In our previous couple of blog posts, we have focused in on the challenges of bath time for children with autism. Today we're going to take a bit of a different approach and talk about teens and shower struggles. In truth an autism shower routine is not much different from a bath routine. However, there are some distinct differences to take into account.
Shawna Wingert, the owner of Different by Design Learning, shared a story about shower struggles she had to overcome as a mother of a young son reaching puberty. Shawna compiled an especially helpful is a list of recommendations for helping kids with sensory sensitivities shower. Here they are:
Change to a “rain” showerhead. It will help ease the sensory overload of the shower water “feeling like needles.”
Change to a “rain” showerhead. This will cut down the noise of the water beating down considerably.
Take a bath instead.
Warm up the bathroom ahead of time to make the temperature changes less dramatic.
Install a handheld shower nozzle. This allows our children to have a sense of control.
Don’t worry so much about it. We have a cultural expectation that is very different from most places. Body spray and a quick wipe down will help.
Dry shampoo works wonders.
Dim the lights. Sometimes the lighting is half the sensory battle.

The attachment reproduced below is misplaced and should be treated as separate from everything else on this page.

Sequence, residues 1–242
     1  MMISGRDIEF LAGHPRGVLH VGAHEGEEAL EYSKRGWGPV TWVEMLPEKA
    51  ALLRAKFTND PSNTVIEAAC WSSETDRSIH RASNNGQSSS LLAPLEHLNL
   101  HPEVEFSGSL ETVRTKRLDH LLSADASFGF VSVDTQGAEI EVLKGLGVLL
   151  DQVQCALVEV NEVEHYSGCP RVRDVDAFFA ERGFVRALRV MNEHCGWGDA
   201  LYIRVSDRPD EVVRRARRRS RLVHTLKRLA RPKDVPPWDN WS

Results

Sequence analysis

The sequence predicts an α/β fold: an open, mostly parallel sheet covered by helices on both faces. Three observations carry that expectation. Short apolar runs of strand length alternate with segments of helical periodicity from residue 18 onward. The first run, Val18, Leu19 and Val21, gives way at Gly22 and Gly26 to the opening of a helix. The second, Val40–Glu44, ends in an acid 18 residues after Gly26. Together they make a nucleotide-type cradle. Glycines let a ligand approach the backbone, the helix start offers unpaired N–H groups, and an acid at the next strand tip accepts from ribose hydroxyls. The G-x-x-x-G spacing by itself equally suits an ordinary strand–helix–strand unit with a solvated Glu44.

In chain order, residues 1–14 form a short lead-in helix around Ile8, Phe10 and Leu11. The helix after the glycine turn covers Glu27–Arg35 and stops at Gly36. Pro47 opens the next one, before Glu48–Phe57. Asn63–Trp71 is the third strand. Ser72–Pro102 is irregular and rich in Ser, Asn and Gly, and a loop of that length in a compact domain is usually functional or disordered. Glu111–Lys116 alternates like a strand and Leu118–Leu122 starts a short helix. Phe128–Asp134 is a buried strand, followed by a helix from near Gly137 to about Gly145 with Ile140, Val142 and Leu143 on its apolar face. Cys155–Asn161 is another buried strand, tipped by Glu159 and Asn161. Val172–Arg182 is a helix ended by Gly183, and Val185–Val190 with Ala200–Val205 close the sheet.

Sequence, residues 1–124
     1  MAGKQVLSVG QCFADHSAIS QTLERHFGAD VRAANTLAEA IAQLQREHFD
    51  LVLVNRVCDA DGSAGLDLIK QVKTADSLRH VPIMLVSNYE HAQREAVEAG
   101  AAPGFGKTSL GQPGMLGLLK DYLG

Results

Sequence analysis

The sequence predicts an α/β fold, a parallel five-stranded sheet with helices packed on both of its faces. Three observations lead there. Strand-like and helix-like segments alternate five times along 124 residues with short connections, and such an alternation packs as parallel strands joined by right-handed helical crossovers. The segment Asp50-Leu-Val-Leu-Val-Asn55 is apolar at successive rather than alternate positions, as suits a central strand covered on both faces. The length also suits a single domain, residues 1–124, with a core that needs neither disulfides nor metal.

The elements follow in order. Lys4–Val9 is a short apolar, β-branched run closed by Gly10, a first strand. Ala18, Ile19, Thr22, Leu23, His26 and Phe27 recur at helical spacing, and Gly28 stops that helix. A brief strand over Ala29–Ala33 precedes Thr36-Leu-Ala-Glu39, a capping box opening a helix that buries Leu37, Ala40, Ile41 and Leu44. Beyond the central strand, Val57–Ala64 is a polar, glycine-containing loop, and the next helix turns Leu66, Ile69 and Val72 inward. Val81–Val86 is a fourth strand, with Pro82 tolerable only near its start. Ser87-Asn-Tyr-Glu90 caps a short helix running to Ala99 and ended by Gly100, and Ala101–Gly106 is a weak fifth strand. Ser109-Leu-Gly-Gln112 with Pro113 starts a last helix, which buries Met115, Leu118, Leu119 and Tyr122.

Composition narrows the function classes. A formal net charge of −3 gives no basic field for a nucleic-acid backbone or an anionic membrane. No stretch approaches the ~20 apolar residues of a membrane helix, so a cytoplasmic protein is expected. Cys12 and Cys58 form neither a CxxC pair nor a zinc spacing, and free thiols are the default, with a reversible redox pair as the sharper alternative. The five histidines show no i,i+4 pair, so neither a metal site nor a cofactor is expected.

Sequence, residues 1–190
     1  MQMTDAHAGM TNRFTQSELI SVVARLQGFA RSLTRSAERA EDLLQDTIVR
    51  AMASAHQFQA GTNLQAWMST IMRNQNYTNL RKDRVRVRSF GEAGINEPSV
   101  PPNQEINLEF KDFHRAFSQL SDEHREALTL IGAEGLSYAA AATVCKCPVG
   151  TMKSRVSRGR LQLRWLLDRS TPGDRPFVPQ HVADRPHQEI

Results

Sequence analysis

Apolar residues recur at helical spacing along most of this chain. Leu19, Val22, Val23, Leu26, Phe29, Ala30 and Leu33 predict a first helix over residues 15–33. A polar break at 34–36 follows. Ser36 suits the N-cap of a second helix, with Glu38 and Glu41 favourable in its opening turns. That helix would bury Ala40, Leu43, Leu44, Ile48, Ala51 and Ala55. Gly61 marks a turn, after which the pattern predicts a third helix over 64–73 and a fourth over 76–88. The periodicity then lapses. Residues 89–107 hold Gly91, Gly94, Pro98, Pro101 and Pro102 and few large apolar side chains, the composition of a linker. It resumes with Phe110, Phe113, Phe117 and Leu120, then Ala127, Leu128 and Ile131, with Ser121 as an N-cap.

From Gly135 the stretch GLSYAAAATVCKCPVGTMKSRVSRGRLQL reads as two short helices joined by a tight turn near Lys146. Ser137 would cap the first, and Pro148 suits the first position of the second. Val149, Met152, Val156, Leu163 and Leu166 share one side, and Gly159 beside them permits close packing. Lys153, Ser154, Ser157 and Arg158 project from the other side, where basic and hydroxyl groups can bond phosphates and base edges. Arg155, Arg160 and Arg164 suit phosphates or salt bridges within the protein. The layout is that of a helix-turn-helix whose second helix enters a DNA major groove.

Set a schedule and stick to it. The more it becomes a standard expectation, the easier it will be for both of you.
Try different times of the day. First thing in the morning or last thing at night can be the toughest times for our sensory systems.
Buy lots of baby wipes and allow him to use them instead.
Let it go. Many teenage boys fail to shower regularly. You have bigger fish to fry!
In addition to those we would also add:
Try push-button soap, shampoo, and conditioner dispensers on the shower wall or free-standing bottles with pumps. Label them by name and number them in order of use.
Use a combination conditioner and shampoo to help speed up hair-washing time in the shower
Attach an anti-fog plastic mirror (via suction cups) in the bathroom shower so a child can see themselves wash. Studies have shown the importance of mirror self-recognition behavior in autism development.
A lot of teens with autism still dislike showering. Many have an extreme aversion to them. But we all know the importance of cleanliness, and introducing a good hygiene routine to autistic teens.
With a bit of planning and organization, bath an shower time won’t always have to be a task that’s dreaded by both parent and child. The important thing is that you remain patient with yourself, and stay optimistic!
Ashley Lavoie is a mom of three and manages both child and adult ADHD and neonatal diabetes. She is advocating for awareness and loves writing and connecting with other families like hers.
Editor's note: This information is not meant to diagnose or treat and should not take the place of personal consultation, as needed, with a qualified healthcare provider and/or BCBA.